Ghana has planted about 190,449.92 hectares of trees under the national plantation development programme, as at December 1, 2016.
Dr. Gloria Djaney Djagbletey, Head of Forest and Climate Change Division of the Forestry Research Institute of Ghana (FORIG) of the Council for Scientific and Industrial Research (CSIR-FORIG), who disclosed this, said that the only specie being planted was Teak.
At the opening of a three-day annual review and planning session of FORIG, the theme, “Making research findings relevant to end users,” Dr. Djagbletey suggested the planting of Cedrela and other tree species.
The National Forest Plantation Development Programme was launched in September 2001, to accelerate the rate of establishment of forest plantations.
It was implemented within degraded forest reserves, and the programme was re-launched in January, 2010 to expand the scope, to cover private lands located outside forest reserves.
Dr. Djagbletey mentioned the launch of the national forestry plantation strategy, 2016-2040, which focus on creating employment opportunities and sustainable livelihoods in rural communities.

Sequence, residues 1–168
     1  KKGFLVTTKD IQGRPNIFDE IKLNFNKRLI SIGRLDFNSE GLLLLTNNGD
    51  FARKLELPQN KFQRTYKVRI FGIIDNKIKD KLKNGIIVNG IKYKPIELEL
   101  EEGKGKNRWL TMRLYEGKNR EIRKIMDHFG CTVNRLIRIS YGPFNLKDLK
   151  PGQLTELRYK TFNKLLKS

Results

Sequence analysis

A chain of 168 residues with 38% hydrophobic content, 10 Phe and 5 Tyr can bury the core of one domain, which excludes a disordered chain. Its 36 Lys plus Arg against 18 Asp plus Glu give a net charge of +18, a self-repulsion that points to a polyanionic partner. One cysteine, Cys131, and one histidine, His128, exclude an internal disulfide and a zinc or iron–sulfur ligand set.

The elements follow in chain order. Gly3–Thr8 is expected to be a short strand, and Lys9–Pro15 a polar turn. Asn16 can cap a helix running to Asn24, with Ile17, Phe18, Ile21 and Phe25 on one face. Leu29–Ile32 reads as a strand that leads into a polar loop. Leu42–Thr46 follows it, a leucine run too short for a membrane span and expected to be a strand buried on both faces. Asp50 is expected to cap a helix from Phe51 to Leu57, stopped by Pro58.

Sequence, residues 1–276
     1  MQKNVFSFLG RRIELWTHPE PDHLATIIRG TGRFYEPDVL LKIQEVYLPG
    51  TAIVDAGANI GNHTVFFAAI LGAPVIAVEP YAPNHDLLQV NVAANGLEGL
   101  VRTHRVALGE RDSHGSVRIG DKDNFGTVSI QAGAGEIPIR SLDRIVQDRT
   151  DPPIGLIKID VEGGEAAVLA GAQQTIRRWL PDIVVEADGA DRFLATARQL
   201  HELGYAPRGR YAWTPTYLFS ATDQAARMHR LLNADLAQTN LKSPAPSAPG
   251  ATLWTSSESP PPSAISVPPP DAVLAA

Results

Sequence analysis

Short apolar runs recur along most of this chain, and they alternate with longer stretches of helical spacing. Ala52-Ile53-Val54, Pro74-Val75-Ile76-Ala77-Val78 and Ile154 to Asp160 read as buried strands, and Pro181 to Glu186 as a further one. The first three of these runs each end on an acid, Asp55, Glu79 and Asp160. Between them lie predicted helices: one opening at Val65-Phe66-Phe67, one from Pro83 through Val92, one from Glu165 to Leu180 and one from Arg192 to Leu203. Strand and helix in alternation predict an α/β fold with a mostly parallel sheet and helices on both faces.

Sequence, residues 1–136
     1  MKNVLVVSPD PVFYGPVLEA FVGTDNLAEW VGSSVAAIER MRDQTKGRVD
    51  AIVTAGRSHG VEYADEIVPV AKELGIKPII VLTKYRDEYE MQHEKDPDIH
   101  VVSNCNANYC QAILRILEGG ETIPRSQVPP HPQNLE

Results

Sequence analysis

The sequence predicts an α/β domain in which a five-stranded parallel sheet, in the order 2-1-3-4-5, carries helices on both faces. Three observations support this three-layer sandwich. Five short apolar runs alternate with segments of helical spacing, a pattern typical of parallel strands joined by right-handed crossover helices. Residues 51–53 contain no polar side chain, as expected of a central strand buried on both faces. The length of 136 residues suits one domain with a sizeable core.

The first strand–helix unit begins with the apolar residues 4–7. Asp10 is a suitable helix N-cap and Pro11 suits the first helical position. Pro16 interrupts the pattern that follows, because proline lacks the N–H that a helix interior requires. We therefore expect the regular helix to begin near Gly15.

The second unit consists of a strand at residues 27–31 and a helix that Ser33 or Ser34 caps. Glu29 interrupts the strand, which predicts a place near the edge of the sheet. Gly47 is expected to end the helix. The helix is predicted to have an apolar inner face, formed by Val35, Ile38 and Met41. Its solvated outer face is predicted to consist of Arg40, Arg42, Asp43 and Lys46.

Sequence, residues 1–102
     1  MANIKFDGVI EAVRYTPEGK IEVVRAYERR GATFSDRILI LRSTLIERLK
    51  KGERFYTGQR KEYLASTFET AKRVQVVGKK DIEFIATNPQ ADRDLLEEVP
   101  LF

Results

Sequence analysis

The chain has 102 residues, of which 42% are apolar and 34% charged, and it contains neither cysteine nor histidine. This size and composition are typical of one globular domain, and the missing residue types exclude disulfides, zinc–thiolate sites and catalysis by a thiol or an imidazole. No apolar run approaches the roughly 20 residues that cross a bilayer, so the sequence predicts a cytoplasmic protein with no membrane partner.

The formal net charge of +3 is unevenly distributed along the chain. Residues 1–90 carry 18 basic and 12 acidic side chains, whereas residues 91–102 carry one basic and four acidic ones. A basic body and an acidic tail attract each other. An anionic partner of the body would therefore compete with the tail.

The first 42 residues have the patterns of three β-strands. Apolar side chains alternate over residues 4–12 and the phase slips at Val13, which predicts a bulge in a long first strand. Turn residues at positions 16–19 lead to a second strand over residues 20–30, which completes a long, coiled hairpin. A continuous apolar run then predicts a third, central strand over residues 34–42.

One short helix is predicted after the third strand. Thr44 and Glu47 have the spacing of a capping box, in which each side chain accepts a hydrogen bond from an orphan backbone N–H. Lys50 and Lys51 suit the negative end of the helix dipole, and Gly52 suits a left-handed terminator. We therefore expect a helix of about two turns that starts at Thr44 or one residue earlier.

According to Dr. Djagbletey, the programme would enhance production of food crops to ensure food security in the country.
Mr. Wilson Owusu, Head of Wood Industry and Utilisation Division of FORIG, said REDD+ — ‘reducing emissions from deforestation and degradation’, a project, offered a new way of curbing carbon dioxide (CO2) emissions through paying for actions that prevent forest loss or degradation.
He noted that REDD+ project involved payments to developing countries that would prevent deforestation or degradation that would otherwise have taken place, but he was worried that illegal logging and imbalance in domestic farming contributing negatively against the project.
Mr. Owusu urged the authorities to take steps and stop illegal logging to ensure that REDD+ works to enhance carbon trading in the country.
From Kingsley E. Hope, Fumesua